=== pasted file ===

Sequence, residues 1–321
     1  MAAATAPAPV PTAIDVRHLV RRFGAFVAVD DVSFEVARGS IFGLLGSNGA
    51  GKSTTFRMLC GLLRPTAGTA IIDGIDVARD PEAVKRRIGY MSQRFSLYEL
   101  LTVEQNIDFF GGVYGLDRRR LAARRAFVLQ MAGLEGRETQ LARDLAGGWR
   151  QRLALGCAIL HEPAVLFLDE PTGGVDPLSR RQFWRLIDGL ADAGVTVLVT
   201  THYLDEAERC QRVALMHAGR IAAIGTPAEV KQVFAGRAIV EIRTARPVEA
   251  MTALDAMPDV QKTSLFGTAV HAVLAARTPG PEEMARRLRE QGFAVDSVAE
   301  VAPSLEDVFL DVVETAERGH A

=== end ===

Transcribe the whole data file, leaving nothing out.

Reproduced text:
Sequence, residues 1–321
     1  MAAATAPAPV PTAIDVRHLV RRFGAFVAVD DVSFEVARGS IFGLLGSNGA
    51  GKSTTFRMLC GLLRPTAGTA IIDGIDVARD PEAVKRRIGY MSQRFSLYEL
   101  LTVEQNIDFF GGVYGLDRRR LAARRAFVLQ MAGLEGRETQ LARDLAGGWR
   151  QRLALGCAIL HEPAVLFLDE PTGGVDPLSR RQFWRLIDGL ADAGVTVLVT
   201  THYLDEAERC QRVALMHAGR IAAIGTPAEV KQVFAGRAIV EIRTARPVEA
   251  MTALDAMPDV QKTSLFGTAV HAVLAARTPG PEEMARRLRE QGFAVDSVAE
   301  VAPSLEDVFL DVVETAERGH A